Because of an editing error Saturday, the number of U.S. battlefield deaths in the Korean and Vietnam wars was compared incorrectly. More Americans were killed in Vietnam. (Published 5/29/90)

He had served in World War II and when the Korean War broke out, Jack J. Saunders of Ogden, Utah -- a tall, skinny "stringbean" of a lad, his sister recalled -- was one of the first to go.

This Sunday, 39 years after the 27-year-old first lieutenant is believed to have died in a North Korean prisoner-of-war camp, he may finally be coming home.

Saunders's remains and those of a young Pennsylvania soldier who disappeared the day before Saunders in fighting near the village of Hoengsong in what is now South Korea are thought to be among the remains of five bodies that the North Korean government has agreed to turn over to a U.S. delegation on the eve of the Memorial Day holiday.

It is the first time since 1954 that North Korea will have repatriated any American remains, although the Defense Department estimates 8,177 Americans are unaccounted for from the three-year war. It raged over the Korean peninsula between 1950 and 1953 and killed 55,000 Americans, more than the much-longer Vietnam War.

"It will be final now," said LaRelle Basoco of San Bernardino, Calif., who married Saunders, her high school sweetheart back in Ogden. "It seems like it has been up in the air all these years because we've had no body. This finalizies it."

"After 40 years, it's a relief," she said yesterday in a telephone interview. "I used to worry about it a lot after I remarried: that he would come back and what would I do, but it's a relief."

Army officials, acting on information released by the North Koreans more than two years ago, said yesterday that they suspect the remains of Army Cpl. Arthur Leo Seaton of Chester, Pa., may also be among those returned this weekend.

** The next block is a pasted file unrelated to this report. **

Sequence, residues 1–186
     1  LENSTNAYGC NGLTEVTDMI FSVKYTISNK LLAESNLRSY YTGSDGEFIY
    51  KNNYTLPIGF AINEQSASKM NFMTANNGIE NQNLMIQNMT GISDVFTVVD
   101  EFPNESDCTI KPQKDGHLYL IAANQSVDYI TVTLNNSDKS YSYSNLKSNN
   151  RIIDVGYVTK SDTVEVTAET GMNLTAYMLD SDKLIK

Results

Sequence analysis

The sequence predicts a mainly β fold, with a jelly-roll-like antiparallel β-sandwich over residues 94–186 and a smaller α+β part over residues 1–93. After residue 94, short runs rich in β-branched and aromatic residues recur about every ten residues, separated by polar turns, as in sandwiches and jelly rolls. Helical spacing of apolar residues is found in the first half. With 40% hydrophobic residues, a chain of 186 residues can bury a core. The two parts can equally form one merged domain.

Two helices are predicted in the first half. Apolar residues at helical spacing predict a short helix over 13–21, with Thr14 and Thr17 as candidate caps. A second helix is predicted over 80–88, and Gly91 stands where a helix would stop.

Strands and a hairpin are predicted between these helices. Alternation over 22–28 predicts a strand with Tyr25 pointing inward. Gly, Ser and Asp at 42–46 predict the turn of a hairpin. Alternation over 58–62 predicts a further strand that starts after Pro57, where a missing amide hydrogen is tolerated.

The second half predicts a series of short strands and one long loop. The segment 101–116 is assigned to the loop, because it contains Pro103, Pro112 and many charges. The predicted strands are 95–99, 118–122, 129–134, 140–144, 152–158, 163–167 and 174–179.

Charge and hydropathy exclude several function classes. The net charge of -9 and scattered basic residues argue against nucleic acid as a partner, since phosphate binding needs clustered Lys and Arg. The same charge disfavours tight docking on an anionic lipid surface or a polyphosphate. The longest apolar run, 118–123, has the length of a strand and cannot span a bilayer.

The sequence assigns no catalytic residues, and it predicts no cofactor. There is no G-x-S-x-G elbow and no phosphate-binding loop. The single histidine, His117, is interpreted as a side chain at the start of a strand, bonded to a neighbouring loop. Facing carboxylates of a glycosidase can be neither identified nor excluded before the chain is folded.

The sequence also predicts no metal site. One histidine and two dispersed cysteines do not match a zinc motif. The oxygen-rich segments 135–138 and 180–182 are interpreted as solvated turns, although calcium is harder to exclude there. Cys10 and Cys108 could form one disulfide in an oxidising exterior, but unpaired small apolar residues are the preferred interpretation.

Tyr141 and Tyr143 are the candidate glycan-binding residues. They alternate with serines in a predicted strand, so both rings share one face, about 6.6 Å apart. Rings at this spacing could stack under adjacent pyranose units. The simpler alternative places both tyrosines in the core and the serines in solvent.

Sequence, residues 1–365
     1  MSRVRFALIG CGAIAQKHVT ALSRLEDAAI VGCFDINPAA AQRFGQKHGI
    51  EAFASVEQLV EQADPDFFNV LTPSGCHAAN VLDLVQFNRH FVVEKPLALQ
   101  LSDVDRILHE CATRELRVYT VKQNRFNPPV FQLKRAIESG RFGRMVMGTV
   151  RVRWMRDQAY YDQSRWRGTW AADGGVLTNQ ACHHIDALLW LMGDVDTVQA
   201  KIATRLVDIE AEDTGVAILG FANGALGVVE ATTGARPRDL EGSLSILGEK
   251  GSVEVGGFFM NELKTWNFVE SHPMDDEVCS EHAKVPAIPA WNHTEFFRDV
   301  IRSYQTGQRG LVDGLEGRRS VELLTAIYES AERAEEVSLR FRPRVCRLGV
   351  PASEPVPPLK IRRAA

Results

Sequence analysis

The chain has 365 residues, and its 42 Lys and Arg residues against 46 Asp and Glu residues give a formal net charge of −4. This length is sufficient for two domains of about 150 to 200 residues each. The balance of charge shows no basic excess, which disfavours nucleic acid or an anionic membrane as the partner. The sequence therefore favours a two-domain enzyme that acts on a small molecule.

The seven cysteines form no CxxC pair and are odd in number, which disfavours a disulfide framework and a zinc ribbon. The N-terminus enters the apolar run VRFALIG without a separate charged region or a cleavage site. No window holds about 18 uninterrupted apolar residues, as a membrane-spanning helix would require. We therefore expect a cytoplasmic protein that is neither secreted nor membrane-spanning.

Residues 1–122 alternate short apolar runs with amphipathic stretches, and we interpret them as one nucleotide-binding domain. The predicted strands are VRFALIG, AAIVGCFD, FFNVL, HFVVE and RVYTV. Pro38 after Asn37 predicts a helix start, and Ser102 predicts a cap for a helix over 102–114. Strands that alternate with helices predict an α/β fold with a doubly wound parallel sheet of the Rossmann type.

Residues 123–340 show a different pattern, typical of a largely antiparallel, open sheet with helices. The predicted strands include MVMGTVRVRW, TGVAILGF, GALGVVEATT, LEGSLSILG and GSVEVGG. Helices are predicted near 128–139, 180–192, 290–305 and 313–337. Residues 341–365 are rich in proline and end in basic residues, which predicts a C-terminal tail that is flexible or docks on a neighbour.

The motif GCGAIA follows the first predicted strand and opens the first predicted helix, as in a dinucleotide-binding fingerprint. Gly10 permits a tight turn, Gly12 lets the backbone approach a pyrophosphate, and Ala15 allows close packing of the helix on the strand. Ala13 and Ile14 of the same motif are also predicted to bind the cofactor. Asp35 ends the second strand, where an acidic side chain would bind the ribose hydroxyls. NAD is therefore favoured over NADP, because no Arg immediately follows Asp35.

The officials said they have been unable to find any of Seaton's relatives and have no idea who the other three servicemen may be.

A knife, buttons and the two dogtags said to be with the remains have convinced North Korean officials that these are, in the words of the country's ambassador to the United Nations, "100 percent American."

If relations with the United States improve, he said, his country will consider looking for more of the 1,200 remains believed easily recoverable.

Basoco, who remarried and moved to California about six years after her husband's presumed death, said Saunders had talked of making the military a career after he was recalled for the Korean War. He wanted to become a medical doctor and thought that the Army would put him through medical school if he agreed to remain in uniform, she said.

Her knowledge of his final days in Korea is slim. "He thought it was dirty over there, and he didn't like it," she said. "He was anxious to get back. He didn't write too much about what the war was like because he didn't want to worry me."

On Feb. 13, 1951, Saunders was listed as missing in action, his family says, after his unit was overrun.

The Army believes he died the following month and has long listed him as among those presumed dead. Insurance and other benefits were paid to his widow.

Since she has remarried, it will be up to his daughter, Kim, the Saunders' only child who was 4 at the time, to decide where he will be buried if the remains can be positively identified by Army forensic scientists.

Seaton, the 20-year-old son of an Arthur Seaton of Chester, was listed as missing Feb. 12, 1951, near the same village as Saunders.

Like Saunders, he was in an artillery unit. He had a sister named Connie V. Seaton, who also lived in Chester, a Philadelphia suburb, but officials at the Army Personnel Command's Mortuary Affairs branch said they have been unable to locate her or any family member.

In a brief ceremony scheduled for the eve of Memorial Day in the United States, a group of North Korean legislators are to give the five coffins bearing the remains to a delegation of eight members of Congress in the demilitarized zone between North and South Korea.

Army officials requested individuals with information about Cpl. Arthur Leo Seaton call the Army Personnel Command's Mortuary Affairs Branch weekdays at 703-325-0944.